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Dell Inspiron 13 5000 Review - Battery Life, Performance and Verdict Review


Dell Inspiron 13 5000 (5368) – Performance

The Inspiron 13 5000 is available in three configurations here in the UK, with the entry-level £499 model including an Intel Core i3-6100U, 4GB of RAM and a 500GB hard disk. Next is the £649 model that moves to an Intel Core i5-6200U, 8GB of RAM and a 256GB SSD. Finally, is the £799 version that I’m reviewing, which has an Intel Core i7-6500U, 16GB of RAM and a 256GB SSD. All three include the basic Intel HD Graphics 520.

Related: How to replace your hard disk with an SSD

Dell Inspiron 13 5000 (5368)

The £799 model on review is a perfectly powerful package. The 6500U processor rattles through just about any task you can throw at it with ease, which is something demonstrated by its impressive PCMark 8 score of 3,456 points. That SSD is also a reasonably fast one with read/write speeds of 499MB/s and 465MB/s respectively. Even graphics performance is reasonable, with a score of 65,000 points in 3DMark Ice Storm. 

All told, this is about as typical as you can get for this type of device. While the likes of the Lenovo Ideapad 710S do offer slightly heftier graphics with some configurations, in most other regards it’s on the money and will be fine for any day-to-day computing.

Dell Inspiron 13 5000 (5368)

Dell Inspiron 13 5000 (5368) – Battery Life

This laptop just about delivers the sort of battery life that’s typical of hybrid devices. Most struggle to quite last a working day and so it is here, with the 5368 only managing 6 hours 26 minutes in our PowerMark test – set to 40% screen brightness, with a loop of 10 minutes of web browsing and 5 minutes of video. In comparison, thin and light conventional laptops can push 8 hours or more.

So it’s not a bad result, but it’s not the saving grace that this device needs.

Related: Best laptops
Dell Inspiron 13 5000 (5368)

Should I buy the Dell Inspiron 13 5000 (5368)?

Dell has got so many things right with this convertible laptop. It looks great, has a good selection of features and connectivity, provides adequate performance, battery life is just about good enough and its 360-degree hinge makes it a versatile touchscreen device. It also has a great keyboard, trackpad and speakers.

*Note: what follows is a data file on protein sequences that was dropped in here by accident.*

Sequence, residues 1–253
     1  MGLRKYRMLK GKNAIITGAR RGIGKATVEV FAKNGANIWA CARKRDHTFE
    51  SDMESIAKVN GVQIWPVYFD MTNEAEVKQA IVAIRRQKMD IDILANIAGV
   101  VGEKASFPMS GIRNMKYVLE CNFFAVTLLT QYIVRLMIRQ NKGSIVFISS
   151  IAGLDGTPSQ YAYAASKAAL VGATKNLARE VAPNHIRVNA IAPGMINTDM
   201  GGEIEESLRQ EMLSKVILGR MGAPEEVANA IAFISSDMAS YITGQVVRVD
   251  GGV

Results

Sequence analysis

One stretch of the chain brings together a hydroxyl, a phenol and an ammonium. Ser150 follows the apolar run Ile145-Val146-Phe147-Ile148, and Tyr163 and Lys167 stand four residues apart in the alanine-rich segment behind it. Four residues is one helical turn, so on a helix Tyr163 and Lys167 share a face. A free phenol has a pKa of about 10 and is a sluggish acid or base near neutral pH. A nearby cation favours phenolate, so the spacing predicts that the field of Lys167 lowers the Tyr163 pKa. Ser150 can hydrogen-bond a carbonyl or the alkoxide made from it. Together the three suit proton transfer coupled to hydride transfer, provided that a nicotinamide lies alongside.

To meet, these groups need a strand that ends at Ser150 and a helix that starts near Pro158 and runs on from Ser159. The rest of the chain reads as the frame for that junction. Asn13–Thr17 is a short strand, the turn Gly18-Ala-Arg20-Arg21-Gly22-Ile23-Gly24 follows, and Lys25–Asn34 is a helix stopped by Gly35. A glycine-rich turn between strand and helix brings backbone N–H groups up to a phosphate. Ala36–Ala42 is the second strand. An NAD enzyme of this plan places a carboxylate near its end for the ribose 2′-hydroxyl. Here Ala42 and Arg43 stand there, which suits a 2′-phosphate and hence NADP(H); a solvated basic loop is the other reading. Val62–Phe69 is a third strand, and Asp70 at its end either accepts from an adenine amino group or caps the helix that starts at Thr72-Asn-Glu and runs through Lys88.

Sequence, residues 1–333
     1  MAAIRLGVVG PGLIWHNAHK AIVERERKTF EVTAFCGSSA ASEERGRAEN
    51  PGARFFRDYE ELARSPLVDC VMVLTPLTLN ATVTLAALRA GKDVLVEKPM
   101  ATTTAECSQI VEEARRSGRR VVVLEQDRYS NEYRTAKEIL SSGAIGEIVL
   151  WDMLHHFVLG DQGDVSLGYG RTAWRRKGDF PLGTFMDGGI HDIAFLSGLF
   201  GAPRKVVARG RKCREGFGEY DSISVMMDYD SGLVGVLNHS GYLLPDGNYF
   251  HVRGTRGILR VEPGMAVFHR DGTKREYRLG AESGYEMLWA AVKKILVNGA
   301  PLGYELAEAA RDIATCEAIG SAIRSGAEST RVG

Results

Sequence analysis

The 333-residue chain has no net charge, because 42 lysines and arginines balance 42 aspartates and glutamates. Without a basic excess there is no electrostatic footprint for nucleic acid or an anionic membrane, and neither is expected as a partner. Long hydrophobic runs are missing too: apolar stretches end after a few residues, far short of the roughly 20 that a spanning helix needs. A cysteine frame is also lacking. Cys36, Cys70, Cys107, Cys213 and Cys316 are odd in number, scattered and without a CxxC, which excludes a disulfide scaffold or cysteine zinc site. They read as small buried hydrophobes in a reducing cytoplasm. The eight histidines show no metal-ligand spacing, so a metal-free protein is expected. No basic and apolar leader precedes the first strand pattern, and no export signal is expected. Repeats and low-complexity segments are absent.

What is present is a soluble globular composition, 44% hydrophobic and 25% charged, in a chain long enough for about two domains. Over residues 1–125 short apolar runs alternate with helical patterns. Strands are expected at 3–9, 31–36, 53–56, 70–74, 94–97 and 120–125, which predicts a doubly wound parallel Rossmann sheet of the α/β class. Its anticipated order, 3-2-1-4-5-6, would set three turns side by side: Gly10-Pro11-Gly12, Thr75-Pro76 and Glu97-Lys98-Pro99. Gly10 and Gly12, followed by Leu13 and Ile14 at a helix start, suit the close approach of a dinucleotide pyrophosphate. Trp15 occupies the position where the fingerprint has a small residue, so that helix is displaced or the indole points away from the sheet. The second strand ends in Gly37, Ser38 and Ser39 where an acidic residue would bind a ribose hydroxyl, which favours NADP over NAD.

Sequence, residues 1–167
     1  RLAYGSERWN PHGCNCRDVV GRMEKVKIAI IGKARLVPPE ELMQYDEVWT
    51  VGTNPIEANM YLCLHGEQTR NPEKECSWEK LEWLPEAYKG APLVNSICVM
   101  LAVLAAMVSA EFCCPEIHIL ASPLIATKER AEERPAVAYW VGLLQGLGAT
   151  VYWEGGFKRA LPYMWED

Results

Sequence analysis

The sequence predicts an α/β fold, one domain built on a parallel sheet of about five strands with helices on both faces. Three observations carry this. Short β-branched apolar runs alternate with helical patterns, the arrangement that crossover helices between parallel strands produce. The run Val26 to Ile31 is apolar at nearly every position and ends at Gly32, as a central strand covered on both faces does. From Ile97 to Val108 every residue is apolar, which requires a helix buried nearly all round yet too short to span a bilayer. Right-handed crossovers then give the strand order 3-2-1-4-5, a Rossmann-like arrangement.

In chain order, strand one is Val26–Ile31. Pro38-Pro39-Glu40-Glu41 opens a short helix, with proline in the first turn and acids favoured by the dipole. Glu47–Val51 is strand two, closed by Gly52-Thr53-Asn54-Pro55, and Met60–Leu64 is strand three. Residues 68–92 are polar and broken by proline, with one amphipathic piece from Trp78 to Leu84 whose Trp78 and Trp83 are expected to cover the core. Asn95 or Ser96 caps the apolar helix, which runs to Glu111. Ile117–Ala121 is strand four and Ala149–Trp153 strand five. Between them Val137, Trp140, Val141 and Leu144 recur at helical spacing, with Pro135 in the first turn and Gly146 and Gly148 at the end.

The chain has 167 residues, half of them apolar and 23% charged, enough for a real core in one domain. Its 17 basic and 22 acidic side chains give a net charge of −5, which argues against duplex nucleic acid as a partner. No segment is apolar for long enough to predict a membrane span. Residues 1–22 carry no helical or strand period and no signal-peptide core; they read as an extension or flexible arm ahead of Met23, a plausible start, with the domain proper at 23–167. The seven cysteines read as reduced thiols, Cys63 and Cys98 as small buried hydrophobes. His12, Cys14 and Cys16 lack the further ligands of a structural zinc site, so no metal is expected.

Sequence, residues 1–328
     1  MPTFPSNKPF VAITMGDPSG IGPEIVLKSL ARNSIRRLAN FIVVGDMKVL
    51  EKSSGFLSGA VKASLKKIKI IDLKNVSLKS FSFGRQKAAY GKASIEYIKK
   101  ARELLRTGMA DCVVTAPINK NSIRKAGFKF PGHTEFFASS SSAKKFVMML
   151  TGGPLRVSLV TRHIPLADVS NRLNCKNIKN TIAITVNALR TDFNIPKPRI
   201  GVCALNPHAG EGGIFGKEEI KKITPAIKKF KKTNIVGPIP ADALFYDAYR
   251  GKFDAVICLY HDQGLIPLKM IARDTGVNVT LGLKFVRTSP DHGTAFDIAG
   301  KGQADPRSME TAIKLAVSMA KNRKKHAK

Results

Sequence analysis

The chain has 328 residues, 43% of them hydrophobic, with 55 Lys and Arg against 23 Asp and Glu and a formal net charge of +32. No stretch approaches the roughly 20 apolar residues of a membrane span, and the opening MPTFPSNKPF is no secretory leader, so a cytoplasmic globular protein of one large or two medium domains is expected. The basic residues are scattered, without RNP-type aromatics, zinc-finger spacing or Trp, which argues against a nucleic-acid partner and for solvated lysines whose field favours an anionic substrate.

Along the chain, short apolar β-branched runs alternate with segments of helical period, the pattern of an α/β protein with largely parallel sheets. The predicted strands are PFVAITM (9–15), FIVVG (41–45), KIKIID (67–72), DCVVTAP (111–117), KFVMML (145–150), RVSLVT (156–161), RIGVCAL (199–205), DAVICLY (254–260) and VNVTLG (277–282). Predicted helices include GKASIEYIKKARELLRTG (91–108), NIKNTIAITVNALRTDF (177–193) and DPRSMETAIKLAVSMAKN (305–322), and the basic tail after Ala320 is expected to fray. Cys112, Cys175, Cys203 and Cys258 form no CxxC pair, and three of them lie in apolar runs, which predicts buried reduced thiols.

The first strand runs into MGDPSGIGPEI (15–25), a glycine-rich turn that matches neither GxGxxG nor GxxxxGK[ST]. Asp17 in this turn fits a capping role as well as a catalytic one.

Unfortunately, the company has scrimped too much on arguably the single most important part of a product like this: the screen. It doesn’t get bright enough, colour accuracy is unimpressive and it looks distractingly grainy. As such the £799 version just doesn’t cut in the face of so many other choices with better screens at this price.

The £649 model makes a little more sense but is still struggling when the likes of the Lenovo 510S offers a great screen, better performance and longer battery for the same money, though that machine doesn’t have a touchscreen.

That just leaves the £499 model, and while it is hampered by having a slow hard drive and the screen drops even further in quality from an IPS panel to TN, it retains the other good qualities of this hybrid. Compared to many other laptops at that sort of price it actually offers reasonable value, as generally once you start getting below £500 you start to loose the keyboard backlighting, speaker quality drops and design and build quality become noticeably lower.

The £499 model isn’t a stand-out bargain but is worth considering if your budget can only stretch that far and you want a relatively thin and light laptop.


Dell got so much right with this device, but then blew it all by fitting a poor screen. Only the cheaper models are worth a look.

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